I recently tried to explain to an elderly relative what my step-daughter’s interest in ‘sustainable fashion’ meant. Turning mouldy carrots into silk and banana skins into linen (or bottle tops into handbags as Mrs. Clegg demonstrates) to make clothes that Marks and Spencer believe would be bought by their customers was the most concrete I could make it. He pressed me to explain why girls wanted clothes made out of mouldy carrots or banana skins so I tried, probably unsuccessfully, to explain that the girls probably didn’t care. They just wanted clothes to be fashionable and affordable. But M&S did care because of (no) Plan B which promised that what they sold would be as environmentally friendly as possible and that’s all that mattered.

But it did get me thinking about the role of retailers and, more specifically the notion of Choice Architecture. About 6 months ago I was stirred into action by an article in the Evening Standard saying that London’s recycling record is right down at the bottom of the league table of European cities. Worse than Bucharest. Like most people I have an uneasy relationship with re-cycling and sustainability in general. I want to be good, I really do but re-cycling in small houses with small kitchens in a big city is hard work. (I read recently about a family who managed to recycle so much that they only threw out one bag of rubbish a year! Clearly lunatics.)

I would guess most London kitchens do not have room for a compost bin or the six different bins required to sort every different type of container. And I would also guess that the maximum bin space is determined by the built in kitchen units supplied by the likes of Magnet which are only about two feet square. Which comfortably holds one rubbish bin but not two. Surely there is a compartmentalised one on the market that would fit this space. The internet says yes, lots, but I’m always nervous of getting the measurements wrong and have no ability to judge size so I went to my local Homebase certain they would have one. I found piles of single bins in the kitchen bin department – some cheap and plastic, others metal and chic by Brabantia but not one compartmentalised bin. So I asked someone and was directed to another part of the store entirely labelled ‘Environmentally friendly products’ (everything very rough and rustic) where indeed, I did find a compartmentalised bin that would fit into my space.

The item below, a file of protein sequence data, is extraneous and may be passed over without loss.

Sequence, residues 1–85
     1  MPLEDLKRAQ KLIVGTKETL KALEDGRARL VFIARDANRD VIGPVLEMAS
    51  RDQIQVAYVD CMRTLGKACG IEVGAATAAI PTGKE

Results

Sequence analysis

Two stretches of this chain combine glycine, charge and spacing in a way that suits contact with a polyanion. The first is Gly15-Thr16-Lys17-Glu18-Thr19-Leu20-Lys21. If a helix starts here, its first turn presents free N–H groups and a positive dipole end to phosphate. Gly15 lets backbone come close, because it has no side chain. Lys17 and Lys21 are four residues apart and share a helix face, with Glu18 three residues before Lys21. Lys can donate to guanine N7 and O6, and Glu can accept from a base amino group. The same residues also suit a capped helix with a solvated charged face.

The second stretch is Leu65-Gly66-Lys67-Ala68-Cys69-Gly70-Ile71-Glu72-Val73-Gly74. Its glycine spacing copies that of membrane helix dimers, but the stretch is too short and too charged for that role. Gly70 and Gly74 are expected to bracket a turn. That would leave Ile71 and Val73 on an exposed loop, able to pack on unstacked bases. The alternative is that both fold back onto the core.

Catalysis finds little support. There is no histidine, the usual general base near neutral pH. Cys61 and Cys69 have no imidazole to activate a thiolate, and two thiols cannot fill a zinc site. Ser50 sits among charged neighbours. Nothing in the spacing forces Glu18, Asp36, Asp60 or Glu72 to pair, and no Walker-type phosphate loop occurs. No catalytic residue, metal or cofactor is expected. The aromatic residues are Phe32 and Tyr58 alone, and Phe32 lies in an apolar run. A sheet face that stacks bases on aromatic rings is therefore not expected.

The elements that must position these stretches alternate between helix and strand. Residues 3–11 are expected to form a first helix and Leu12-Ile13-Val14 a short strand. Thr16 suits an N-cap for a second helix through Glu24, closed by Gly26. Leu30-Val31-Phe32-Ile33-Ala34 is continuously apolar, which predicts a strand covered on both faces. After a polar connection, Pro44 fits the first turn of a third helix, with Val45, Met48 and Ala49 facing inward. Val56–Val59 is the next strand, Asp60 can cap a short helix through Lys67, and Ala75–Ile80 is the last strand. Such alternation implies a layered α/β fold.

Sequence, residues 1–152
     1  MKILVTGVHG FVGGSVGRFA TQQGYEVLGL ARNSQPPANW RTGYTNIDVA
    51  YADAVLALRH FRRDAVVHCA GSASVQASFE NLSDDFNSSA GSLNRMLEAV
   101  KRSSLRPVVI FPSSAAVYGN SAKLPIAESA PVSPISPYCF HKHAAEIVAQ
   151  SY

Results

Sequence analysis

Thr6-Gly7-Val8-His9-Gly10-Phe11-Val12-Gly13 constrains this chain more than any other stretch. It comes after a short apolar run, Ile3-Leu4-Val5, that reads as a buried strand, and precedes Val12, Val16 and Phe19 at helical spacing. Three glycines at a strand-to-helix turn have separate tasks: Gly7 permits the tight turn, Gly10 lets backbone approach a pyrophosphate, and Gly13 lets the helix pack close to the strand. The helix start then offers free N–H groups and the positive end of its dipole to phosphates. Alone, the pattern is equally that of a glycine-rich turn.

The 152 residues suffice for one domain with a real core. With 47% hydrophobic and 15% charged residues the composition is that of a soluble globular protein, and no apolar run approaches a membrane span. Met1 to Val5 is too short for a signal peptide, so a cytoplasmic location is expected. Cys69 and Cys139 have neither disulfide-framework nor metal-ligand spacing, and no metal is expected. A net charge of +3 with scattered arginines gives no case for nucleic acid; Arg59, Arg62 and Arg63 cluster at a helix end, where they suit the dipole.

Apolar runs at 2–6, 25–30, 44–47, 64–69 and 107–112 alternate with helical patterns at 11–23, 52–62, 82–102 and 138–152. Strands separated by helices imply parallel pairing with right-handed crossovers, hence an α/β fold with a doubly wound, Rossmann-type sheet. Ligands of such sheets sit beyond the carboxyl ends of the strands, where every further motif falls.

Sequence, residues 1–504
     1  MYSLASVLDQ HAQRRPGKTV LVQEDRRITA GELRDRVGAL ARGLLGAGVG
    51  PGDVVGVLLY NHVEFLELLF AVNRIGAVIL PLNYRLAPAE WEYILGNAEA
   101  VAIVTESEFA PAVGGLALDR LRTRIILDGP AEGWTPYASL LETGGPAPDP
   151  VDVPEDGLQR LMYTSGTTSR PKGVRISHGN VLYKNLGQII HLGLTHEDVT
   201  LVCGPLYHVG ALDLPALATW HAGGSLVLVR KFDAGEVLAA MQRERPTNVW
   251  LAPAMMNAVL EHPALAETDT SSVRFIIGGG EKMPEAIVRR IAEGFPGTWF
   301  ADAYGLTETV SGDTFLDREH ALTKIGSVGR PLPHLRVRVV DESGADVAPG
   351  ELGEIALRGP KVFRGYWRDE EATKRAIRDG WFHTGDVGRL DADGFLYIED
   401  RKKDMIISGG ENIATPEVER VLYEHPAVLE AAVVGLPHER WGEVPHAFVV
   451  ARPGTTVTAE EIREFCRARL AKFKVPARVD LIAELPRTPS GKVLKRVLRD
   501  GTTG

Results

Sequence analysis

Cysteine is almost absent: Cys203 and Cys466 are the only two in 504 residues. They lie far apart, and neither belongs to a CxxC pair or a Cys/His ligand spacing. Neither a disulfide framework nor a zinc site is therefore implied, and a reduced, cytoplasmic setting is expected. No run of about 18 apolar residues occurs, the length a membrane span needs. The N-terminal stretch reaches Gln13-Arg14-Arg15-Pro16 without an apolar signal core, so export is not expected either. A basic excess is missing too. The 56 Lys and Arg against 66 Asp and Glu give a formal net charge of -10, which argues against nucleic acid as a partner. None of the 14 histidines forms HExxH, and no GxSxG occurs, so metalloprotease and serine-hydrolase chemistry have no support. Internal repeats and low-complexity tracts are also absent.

But think about it. Re-cycling should be the norm: if you are looking for a bin, you should be able to find a (smartly designed) compartmentalised one in the kitchen equipment section. If you really only want a single bin, you should have to search for it. (Perhaps in a department labelled ‘Wasteful, Selfish Purchases’). Campaigns should be targeted much more towards manufacturers and retailers. Brabantia shouldn’t be making so many different styles of single bins but should be designing stylish compartmentalised ones. This is Choice Architecture at its simplest. You should be nudged into making the right purchase by the selection available and geography of the retailer. So painless and satisfying for the buyer. Read more in Nick Southgate’s article in this issue of Market Leader: How to be a Choice Architect.